Schaible points to Marv Bossart, her veteran co-anchor at the time, while Sawkar specifically refers to Mike Morken, still anchoring at KVLY, as journalism vets who helped provide that kind of guidance.
“I was working with people who taught me a lot,” Sawkar says. “In your first job, you make mistakes, and it’s nice to work with people who are understanding and are willing to teach you to help you get better.”
“I felt really fortunate to start my career there,” she adds.
Of course, in the years since TV news reporters and anchors like Sawkar, Deffenbaugh and Schaible were on the air in Fargo, much has changed. The TV news business itself is different, and the women’s careers have brought them to bigger and better things.
But when they look back on Fargo, and on their time as a 20-something journalist starting out in the industry, it’s almost as if they’re right back on the air at KVLY, WDAY or KXJB.
“The two years I was in Fargo were some of the best I had in the television business, because of the fact that we were all so young, and that we were all so idealistic,” Sawkar says. “We really wanted to put together good stories. We wanted to go out there and be good journalists.”
Where are they now?
Plenty of TV news personalities have come and gone through Fargo’s news stations over the past few decades. Here are just a few names you might recognize:
• Stacey Deffenbaugh – Deffenbaugh was a morning anchor for KVLY from 1998 to 2003 before moving away. She’s currently the noon anchor for WBBH NBC news in Fort Myers, Fla.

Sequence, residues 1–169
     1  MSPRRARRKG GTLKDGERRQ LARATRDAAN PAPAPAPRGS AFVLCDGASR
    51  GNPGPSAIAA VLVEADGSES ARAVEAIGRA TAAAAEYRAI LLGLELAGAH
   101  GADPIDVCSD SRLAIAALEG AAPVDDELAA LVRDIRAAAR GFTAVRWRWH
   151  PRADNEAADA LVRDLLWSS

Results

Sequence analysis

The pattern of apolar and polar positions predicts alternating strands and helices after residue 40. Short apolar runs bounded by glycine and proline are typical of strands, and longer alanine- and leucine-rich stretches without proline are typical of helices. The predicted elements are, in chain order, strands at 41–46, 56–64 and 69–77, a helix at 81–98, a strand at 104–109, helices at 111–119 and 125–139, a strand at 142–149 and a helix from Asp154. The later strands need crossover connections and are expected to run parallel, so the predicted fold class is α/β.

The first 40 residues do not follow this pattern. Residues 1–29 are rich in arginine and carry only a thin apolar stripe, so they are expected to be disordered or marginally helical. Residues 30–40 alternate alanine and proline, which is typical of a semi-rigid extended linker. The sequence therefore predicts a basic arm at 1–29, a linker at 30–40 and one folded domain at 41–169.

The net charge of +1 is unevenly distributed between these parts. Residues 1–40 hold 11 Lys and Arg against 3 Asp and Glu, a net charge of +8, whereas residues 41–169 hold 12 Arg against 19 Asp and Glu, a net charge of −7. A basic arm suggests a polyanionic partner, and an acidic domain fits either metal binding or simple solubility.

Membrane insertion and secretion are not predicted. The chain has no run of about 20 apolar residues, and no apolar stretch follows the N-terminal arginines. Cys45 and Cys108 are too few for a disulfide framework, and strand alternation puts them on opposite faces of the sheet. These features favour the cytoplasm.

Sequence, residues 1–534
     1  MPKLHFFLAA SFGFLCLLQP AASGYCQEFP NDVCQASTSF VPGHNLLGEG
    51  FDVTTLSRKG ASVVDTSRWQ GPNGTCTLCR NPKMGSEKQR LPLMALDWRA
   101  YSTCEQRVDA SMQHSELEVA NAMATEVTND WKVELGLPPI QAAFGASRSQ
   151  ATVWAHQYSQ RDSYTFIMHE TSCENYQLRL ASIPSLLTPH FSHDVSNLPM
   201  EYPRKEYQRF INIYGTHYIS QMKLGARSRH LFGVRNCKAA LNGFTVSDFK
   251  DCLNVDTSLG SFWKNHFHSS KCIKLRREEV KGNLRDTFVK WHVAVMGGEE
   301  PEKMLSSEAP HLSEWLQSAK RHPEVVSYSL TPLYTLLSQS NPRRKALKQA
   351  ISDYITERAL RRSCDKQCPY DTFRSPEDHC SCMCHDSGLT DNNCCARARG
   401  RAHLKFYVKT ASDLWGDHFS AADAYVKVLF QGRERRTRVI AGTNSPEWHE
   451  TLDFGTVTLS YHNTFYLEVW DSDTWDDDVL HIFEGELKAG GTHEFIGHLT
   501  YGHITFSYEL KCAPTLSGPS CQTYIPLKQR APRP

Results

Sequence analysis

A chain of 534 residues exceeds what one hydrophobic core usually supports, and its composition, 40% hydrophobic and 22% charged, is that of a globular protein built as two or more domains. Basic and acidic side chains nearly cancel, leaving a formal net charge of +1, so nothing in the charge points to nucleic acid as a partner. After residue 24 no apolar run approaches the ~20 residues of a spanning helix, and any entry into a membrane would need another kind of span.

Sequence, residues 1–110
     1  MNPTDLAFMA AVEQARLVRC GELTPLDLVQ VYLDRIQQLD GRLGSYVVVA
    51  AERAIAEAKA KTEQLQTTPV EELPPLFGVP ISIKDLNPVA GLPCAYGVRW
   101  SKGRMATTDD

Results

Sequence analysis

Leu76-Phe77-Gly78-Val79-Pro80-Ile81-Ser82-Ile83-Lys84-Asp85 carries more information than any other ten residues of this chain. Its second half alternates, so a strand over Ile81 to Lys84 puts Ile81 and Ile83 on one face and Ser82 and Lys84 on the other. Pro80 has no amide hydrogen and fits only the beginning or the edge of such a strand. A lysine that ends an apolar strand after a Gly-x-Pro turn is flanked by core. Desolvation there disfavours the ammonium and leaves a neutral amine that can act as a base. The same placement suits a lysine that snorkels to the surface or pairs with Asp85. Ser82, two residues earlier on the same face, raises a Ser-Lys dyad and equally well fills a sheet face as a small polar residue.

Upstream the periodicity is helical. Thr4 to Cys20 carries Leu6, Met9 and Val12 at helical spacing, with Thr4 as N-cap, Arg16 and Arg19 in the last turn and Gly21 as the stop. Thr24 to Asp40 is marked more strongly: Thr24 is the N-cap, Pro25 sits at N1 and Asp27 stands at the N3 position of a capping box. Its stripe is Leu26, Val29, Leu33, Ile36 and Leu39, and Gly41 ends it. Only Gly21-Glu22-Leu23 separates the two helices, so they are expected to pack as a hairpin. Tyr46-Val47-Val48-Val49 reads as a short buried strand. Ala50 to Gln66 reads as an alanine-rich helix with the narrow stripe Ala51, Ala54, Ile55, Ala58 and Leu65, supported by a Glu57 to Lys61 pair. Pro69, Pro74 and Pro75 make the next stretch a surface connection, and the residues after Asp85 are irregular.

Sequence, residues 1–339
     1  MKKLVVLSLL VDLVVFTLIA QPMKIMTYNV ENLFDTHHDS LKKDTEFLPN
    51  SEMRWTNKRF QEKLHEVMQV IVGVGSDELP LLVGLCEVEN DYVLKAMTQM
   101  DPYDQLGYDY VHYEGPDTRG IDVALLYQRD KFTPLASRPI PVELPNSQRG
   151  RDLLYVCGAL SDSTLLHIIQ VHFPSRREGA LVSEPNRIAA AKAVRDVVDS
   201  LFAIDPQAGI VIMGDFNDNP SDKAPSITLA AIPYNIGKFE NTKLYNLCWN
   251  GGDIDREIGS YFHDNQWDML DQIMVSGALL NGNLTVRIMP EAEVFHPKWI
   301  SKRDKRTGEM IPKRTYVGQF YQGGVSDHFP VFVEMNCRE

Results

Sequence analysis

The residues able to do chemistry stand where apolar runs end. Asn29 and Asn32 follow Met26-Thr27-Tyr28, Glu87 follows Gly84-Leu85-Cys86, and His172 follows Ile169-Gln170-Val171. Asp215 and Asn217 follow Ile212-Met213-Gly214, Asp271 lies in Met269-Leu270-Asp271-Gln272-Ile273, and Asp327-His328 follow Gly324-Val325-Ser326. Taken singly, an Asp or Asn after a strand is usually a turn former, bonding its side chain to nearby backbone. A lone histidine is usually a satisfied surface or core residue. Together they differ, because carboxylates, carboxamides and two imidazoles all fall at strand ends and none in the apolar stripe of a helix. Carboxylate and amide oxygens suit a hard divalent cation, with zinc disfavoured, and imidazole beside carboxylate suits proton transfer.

• Stacie Schaible – Schaible has been a news anchor for WFLA-TV in Tampa, Fla., for 12 years, after being a 6 and 10 p.m. anchor for WDAY in the late 1990s.
• Kelsey Soby – Soby was a former 5 p.m. anchor and reporter for WDAY, and now works as a morning reporter and traffic anchor for FOX 9 KMSP in Minneapolis.
• Dennis Woltering – A weekend anchor for KXJB back in the 1970s, Woltering now anchors the news for WWL-TV in New Orleans.
• Amy Hockert – A former KVRR and KVLY news anchor and reporter, Hockert moved on to KARE 11 in Minneapolis for several years before moving to Washington, D.C. She currently works with the Bring Me The News website as well as SmartMouth Strategies, a training and coaching organization.
• Carol Han – After reporting for KVLY from 2000 to 2002, Han has been the Washington correspondent for Cox Broadcasting, a national network of TV stations, since 2006.
• Vineeta Sawkar – A weekend weather anchor and reporter with KXJB from 1990-92, Sawkar currently anchors the morning and midday news for KSTP-TV and KSTC-TV in Minneapolis.
• Kelly Bartnick – Bartnick was a reporter for KVLY before he pleaded guilty in 2006 to charges of fifth-degree assault and motor vehicle tampering stemming from a 2005 incident in a Fargo adult book store, according to Forum archives. Bartnick is currently a video journalist for KELOLAND television in Sioux Falls, S.D.
• Mike Licquia – A reporter for WDAY in the mid-2000s, Licquia made headlines when he was arrested after scaling a fence at Hector International Airport while working on a story. Licquia is currently a senior reporter at The FLORIDA Channel, a public affairs programming service in Tallahassee.
Readers can reach Forum reporter Sam Benshoof at (701) 241-5535